The FCC's Wireless Bureau has handed out 22 more grants in its tribal priority window for 2.5 GHz spectrum licenses.
That makes 179 such grants the FCC has made since opening the priority window Feb. 3-Sept. 2.
A politically divided FCC voted last July to convert the 2.5 GHz band from one reserved for educational (EBS) licenses to flexible licenses that can be used for 5G, and to auction current unassigned spectrum (white spaces) in the band. But before that auction, the FCC gave tribes a first-of-its-kind priority window to get spectrum for free to help close the rural digital divide on Native American land.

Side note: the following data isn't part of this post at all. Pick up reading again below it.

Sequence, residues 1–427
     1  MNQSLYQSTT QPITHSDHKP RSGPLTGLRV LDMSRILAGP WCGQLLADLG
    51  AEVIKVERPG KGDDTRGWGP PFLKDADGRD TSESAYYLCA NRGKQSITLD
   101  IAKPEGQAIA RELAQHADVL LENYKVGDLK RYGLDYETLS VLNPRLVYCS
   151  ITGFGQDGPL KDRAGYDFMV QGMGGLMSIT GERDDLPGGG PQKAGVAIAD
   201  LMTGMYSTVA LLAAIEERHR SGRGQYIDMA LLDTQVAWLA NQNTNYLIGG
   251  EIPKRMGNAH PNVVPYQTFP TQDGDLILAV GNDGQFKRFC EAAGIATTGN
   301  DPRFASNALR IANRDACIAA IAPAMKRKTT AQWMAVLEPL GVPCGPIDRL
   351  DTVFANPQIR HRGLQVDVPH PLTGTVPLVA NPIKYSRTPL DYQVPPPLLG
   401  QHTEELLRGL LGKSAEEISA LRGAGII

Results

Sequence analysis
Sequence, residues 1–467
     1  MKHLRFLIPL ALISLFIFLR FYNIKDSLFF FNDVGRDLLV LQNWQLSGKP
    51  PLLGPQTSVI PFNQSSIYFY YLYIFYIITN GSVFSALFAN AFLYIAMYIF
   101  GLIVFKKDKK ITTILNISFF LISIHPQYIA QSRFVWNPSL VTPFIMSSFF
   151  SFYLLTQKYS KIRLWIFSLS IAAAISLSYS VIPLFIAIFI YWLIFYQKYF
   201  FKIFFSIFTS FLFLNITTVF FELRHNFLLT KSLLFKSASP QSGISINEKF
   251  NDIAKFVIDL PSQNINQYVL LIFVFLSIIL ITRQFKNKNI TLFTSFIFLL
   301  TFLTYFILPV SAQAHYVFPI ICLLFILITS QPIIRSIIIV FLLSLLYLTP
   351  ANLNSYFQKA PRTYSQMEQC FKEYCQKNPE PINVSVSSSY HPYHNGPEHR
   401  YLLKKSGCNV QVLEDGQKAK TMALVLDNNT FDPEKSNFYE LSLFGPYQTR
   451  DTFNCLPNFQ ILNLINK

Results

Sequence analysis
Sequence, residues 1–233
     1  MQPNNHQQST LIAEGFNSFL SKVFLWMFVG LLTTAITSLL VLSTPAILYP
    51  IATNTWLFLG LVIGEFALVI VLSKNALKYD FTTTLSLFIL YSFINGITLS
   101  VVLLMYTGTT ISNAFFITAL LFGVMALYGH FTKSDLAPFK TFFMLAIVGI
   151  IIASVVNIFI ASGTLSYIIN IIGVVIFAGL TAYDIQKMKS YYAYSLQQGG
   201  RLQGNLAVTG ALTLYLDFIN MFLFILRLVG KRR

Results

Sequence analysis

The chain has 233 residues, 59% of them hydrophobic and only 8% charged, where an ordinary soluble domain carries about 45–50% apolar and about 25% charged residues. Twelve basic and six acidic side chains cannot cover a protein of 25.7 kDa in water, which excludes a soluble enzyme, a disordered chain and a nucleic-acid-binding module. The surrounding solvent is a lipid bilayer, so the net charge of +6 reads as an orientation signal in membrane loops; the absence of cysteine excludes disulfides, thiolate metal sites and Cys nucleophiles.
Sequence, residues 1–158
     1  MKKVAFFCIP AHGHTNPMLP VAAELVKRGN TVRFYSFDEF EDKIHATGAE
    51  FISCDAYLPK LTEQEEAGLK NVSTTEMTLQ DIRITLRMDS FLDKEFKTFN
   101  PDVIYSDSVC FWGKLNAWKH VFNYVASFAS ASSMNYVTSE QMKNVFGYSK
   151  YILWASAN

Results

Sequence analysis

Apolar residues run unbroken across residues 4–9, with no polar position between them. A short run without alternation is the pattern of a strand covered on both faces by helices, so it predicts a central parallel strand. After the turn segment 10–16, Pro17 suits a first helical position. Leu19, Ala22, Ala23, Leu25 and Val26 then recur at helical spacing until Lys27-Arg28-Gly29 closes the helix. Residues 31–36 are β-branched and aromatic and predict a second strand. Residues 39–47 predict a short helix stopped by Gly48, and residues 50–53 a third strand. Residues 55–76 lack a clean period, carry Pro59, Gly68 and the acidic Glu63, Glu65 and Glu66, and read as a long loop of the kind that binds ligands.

The FCC received over 400 applications for up to 117.5 MHz of spectrum, with the rest to be auctioned.
The Democrats on the FCC saw the sunsetting of the EBS-controlled band as an abdication of an important educational mission, and strongly dissented on that part of the item. The Republicans said they were putting dramatically underused spectrum to its highest, best use--5G--and reforming "arcane" rules.
One thing the Democrats did support was giving the tribal communities a priority window to obtain unassigned spectrum to serve tribal lands--the only part they approved.
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